…why their strategy is failing tenants while not having the impact they intended.
The Reserve Bank of Australia (RBA) has increased interest rates for the 12th time in around 13 months. This has significant implications for borrowers and the overall economy. Let’s cut through the misinformation and look at the underlying factors driving this decision and why their strategy is failing property investors and tenants. We also propose solutions that we welcome your feedback here.
RBA’s Objectives and Strategy
The RBA’s primary objectives are to maintain currency stability, ensure full employment, and promote economic prosperity. By increasing interest rates, the RBA intends to encourage households to tighten their budgets, reduce demand, and lower prices, thereby controlling inflation. However, the question remains: Is this strategy effective?
Impact Inflation: Housing & Transport
Inflation is measured using the Consumer Price Index (CPI): CPI is a measure of a range of household goods, with housing being the largest component in the household basket.
One unfortunate consequence of rising interest rates is a decline in dwelling approvals and new housing construction. Since interest rate hikes there has been a significant decline in dwelling approvals and new home construction. This reduction in housing supply contributes to inflationary pressures, particularly in the rental market leading to higher rental prices.
- Dwelling approvals dropped by 4,000 fewer approvals per month (compared with 6 months prior to interest rates going up).
- 30,000 fewer homes constructed on last 12 month. We are on track to build 48,000 fewer homes in next 12 months.
Is RBA Strategy working? NO, it is not working as its resulting in fewer homes being built which is driving up rentals. Regardless of interest rates people still need homes.
When we excluded items that tend to fluctuate in price such as volatile items the inflation rate actually decreased. The prices of most goods in the basket remained steady, except for transport costs, mainly fuel which had a noticeable impact on overall inflation rate. However, if we remove transport costs from the calculation, inflation would have gone down. It’s worth noting that transport costs can vary, but they have not increased compared to the same period last year. As for housing costs, particularly construction costs, they are rising at a slower rate, currently around 5% per year.
Inflation actually went down if you exclude volatile items such as Transport (petrol costs) which will always go up and down.
Rental Market Challenges
With interest rates on the rise, there is a limited supply of new housing, leading to increased demand for rental properties. As a result, rental prices are expected to continue rising. Currently, rental prices are already increasing by 10 to 20% annually in many cities across Australia, while the CPI figure only shows a bit over 6% in annualized rental growth.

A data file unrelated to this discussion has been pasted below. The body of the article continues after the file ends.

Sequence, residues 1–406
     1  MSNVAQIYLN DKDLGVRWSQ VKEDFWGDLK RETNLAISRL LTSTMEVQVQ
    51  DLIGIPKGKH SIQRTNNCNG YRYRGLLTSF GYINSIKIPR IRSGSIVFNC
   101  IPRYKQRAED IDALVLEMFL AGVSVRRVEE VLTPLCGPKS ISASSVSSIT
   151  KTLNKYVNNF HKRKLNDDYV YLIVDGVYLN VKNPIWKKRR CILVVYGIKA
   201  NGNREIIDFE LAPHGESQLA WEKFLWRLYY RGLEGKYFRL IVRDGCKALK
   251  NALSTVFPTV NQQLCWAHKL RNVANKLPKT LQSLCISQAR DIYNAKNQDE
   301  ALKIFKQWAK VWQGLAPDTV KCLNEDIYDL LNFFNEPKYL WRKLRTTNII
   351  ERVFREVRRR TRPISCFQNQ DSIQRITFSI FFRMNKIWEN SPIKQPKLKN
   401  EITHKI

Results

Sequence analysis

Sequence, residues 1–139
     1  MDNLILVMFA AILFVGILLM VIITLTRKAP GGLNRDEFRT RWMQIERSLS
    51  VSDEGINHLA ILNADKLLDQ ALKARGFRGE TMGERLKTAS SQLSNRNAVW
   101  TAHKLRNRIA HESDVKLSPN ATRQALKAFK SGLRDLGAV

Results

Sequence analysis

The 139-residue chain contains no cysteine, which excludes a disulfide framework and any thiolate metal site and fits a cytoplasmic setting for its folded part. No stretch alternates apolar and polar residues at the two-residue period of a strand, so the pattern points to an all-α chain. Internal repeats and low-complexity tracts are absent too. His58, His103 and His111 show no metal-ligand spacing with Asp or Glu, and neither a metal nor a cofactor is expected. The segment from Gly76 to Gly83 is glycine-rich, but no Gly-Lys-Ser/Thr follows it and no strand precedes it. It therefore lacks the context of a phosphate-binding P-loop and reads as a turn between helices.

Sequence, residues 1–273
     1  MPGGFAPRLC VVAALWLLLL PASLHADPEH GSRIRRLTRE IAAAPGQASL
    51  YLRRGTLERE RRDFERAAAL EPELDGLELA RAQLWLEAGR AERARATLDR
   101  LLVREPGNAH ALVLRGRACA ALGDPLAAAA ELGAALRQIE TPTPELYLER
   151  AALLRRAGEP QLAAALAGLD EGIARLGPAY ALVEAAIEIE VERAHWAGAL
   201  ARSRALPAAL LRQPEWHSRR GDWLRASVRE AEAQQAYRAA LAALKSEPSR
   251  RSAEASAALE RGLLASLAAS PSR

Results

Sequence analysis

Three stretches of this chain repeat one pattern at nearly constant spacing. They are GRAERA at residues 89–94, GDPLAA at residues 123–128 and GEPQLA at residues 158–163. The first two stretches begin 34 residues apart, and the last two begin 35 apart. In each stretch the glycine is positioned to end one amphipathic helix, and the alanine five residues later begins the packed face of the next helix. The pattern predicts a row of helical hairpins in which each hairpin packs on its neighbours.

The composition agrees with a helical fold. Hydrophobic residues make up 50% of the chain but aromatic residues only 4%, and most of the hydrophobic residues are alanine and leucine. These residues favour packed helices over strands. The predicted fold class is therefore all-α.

The increase in rents is not showing up on CPI and these will continue to rise, due to under supply and increasing demand. In fact, higher interest rates are going to make it worse and create bigger housing shortage. This is counter to what the RBA wants.
What could the government and RBA be doing to improve the rental market and take pressure off inflation that doesn’t involve increasing interest rates.
- Focus on Increasing Housing Supply: Measures MUST be taken to encourage the construction of more homes. Reallocating labour resources currently engaged in infrastructure projects and incentives for builders and developers will alleviate the undersupply.
- Discounted Fixed Rate Loans for Landlords: Need to reduce rental growth without imposing rental caps. Offering discounted fixed-rate loans to landlords who sign long-term leases with minimal rental increases can help reduce rental growth across the market. This would ease pressure on inflation and eliminate the need for the RBA to increase interest rates. Government incentives or lower interest rates may be necessary to support this initiative
- Re-evaluate Interest Rate Serviceability Buffer: Adjusting the interest rate serviceability buffer can enable more investors to enter the market, leading to increased housing supply and a potential reduction in high rents.
Benefits for Property Investors and Tenants
Implementing these measures would result in increased rental market stability and reduced inflationary pressures.
- Property investors would benefit from rising rents, reduced supply of housing, and increasing demand, leading to higher property prices.
- Tenants, on the other hand, would benefit from improved supply, lower rental growth, and a more balanced housing market.
The decision to raise interest rates by the RBA has unintended consequences for housing construction and rental prices. As fewer homes are built due to rising interest rates, the rental market faces increased pressure and rents are likely to rise further. It is crucial for the government, APRA, and the Reserve Bank to address the housing affordability crisis by implementing strategies that encourage housing construction, support tenants, and promote a more balanced property market.